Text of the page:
Top .450 Bushmaster Upper Options–Complete And Stripped (2022)

Top .450 Bushmaster Upper Options–Complete And Stripped (2022)

450 Bushmaster feature

Updated 2/22/2022

Looking to get into big-bore ARs? Here are 7 .450 Bushmaster upper options to make your own big iron.

What Are Top .450 Bushmaster Upper Choices:

Until as of late, if you were hunting an AR around the Midwest in all likelihood you were hunting with a .450 Bushmaster. Packing plenty of punch at moderate distances, the big-bore brute is a proven venison getter, if you were up to its relatively stout recoil. That and it’s fairly expensive appetite. Factory ammo isn’t cheap. Even outside the great north woods, the .450 Bushmaster provides an interesting addition to any gun collection. If for no other reason than the opportunity to pitch 250-plus-grain projectiles from an AR-15.

Similar to most cartridges compatible with America’s favorite rifle, the .450 Bushmaster doesn’t require a new firearm to get behind the trigger. If you have a lower, all you need is a .450 Bushmaster upper and you’re in business. Isn’t modularity grand!

Obviously, there are a number of pre-assembled .450 Bushmaster uppers on the market, which we’ll look at in a second, but it’s more than feasible to build yours from the bottom up. We won’t break things down that far in this article, however, it’s worth the time to cover the difference between the main components of a Bushy and run-of-the-mill 5.56.

.450 Bushmaster Upper Inside Out

Some caliber conversions are more involved than others, that’s just the way of life. Say you were handy smith with AR-pattern rifles and were converting parts and not a complete upper (unnecessarily time-consuming, but this is an illustration). If you wanted to jump from a 5.56 NATO to .300 Blackout, technically the only part that would require replacement would be the barrel. Everything else about the uppers are seamless between the cartridges, which makes sense since the Blackout’s parent case is the 5.56 NATO.

Things are more complex and drastic jumping to .450 Bushmaster. Not only would you have to address the barrel, but also the bolt and the upper receiver itself. The upper receiver, while mil-spec in every other sense, must have its ejection port enlarged at the front to consistently kick your spent brass. This is the way it goes with any big-dog AR caliber, .458 Socom, .50 Beowulf, what have you, do to case length and diameter. If you’re a down-and-dirty tinker, you can break out your Dremel and a file grind away yourself, as long as you’re confident you won’t “Bubba” up the job.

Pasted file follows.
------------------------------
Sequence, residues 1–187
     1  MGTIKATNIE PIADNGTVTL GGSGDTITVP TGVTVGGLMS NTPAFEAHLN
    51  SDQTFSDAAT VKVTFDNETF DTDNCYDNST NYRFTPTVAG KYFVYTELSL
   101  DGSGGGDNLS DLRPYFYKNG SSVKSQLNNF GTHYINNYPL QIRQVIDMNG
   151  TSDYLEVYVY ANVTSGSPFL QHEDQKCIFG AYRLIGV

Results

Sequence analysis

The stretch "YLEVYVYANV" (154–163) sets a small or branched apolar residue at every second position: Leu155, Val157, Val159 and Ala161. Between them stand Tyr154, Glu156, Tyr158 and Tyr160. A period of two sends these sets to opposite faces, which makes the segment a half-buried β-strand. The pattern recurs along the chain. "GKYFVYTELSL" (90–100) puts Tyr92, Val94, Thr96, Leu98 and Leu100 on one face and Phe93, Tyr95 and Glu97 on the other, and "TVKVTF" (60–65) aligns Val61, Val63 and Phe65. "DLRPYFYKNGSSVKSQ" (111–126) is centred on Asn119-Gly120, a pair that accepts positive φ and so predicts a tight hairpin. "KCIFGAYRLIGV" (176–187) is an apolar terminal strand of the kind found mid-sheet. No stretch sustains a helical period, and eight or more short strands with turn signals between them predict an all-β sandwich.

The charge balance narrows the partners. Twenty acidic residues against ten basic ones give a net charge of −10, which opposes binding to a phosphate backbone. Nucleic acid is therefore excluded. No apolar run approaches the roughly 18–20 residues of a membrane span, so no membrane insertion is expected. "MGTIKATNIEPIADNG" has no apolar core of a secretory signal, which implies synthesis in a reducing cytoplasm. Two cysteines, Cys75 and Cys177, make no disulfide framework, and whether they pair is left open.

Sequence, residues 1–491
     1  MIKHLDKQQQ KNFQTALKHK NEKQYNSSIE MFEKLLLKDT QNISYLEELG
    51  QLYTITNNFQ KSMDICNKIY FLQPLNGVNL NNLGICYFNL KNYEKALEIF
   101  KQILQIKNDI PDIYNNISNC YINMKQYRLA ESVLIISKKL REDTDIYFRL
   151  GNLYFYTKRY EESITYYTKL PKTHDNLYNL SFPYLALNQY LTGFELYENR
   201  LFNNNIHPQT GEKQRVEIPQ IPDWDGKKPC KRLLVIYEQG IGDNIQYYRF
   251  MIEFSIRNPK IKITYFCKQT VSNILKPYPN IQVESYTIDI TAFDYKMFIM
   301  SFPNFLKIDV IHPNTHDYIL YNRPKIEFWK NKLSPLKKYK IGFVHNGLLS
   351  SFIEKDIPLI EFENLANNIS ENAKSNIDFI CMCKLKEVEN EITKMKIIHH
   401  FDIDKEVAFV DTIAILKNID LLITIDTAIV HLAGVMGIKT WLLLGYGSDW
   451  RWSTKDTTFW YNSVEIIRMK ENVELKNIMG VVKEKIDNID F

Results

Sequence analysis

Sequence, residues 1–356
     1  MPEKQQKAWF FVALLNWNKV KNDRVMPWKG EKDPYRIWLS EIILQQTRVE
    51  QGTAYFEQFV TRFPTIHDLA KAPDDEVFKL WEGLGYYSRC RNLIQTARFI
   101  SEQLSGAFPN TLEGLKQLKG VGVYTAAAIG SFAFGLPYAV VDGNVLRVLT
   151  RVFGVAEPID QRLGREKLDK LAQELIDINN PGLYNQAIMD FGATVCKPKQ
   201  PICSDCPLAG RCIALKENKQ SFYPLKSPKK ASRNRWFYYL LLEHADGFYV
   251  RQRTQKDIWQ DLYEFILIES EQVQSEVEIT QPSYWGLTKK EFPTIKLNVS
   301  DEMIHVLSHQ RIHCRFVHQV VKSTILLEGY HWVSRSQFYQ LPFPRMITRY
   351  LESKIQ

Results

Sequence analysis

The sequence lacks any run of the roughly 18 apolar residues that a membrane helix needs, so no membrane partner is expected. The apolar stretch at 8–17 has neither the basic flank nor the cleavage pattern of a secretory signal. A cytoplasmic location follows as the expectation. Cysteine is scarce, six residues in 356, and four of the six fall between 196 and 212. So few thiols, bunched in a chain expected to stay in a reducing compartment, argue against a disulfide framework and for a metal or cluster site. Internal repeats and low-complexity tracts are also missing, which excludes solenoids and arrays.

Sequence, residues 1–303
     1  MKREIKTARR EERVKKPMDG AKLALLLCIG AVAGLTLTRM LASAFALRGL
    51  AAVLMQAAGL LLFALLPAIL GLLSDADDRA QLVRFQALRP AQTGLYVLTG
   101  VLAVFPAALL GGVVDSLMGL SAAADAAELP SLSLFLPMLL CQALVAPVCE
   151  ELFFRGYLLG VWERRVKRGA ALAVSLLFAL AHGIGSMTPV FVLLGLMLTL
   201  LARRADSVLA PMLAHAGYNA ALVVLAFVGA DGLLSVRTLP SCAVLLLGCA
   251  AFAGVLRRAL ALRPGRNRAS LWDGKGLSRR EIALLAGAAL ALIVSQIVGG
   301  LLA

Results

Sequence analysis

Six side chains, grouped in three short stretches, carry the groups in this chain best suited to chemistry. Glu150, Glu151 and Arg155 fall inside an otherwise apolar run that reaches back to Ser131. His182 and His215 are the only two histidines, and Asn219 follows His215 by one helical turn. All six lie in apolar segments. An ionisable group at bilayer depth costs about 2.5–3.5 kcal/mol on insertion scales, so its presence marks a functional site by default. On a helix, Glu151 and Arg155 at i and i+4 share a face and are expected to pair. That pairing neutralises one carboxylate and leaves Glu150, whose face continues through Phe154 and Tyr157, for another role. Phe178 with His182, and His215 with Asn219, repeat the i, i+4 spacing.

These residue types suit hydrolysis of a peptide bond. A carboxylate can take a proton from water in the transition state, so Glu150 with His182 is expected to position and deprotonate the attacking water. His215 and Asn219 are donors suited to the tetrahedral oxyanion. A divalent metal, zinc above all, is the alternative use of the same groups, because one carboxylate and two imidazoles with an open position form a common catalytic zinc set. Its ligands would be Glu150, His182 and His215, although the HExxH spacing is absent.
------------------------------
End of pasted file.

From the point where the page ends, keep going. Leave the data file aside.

If you don’t trust yourself, but still want to start from scratch, there are .450 Bushmaster upper receivers on the market, complete with precision milled ejection ports. Perhaps, this is as good a point as any to jump into your options.

Stripped .450 Bushmaster Upper Receiver Options

San Tan Tactical Big Bore

San Tan .450 Bushmaster Upper

An expensive stripped option, but a .450 Bushmaster upper you can be assured is built to the tightest specs and is made for precision performance. San Tan’s Big Bore upper is constructed from billet aluminum, but isn’t blocky or heavy. Plus, it boasts a number of design enhancements that ensure it will perform for the long haul, such as the upper’s truss pocket. MSRP: $260;

Obsidian Arms

Obsidian 450

A very lightweight option, Obsidian Arm’s OA-15C big-bore upper is ideal for highly mobile builds, weighing only 8.8 ounces. Made from billet 7075 T6 aluminum alloy, the upper is more than up to withstanding the .450 Bushmaster’s punishment and your own personal abuse. Of course, it has an enlarged ejection port, but it also includes a removable brass deflector. Additionally, the upper is an eye-catcher with nice lines, if you like a bit sleeker-looking build. MSRP: $175;

Aero Precision XL

aero .450 Bushmaster upper

Those who’ve pieced together their own ARs previously, understand Aero is synonymous with value, offering high-quality parts at prices most can afford. It’s no different with the company’s .450 Bushmaster upper, the AR15 XL. A solidly made forged aluminum receiver, the XL has the strength to handle the big-bore brute, as well as the design specs to ensure it runs smoothly—i.e. an enlarged port. Plain-Jane in looks, the upper nonetheless performs. MSRP: $114.99;

Go Big!:

Complete .450 Bushmaster Uppers

Next Level Armament NLX450 Bushmaster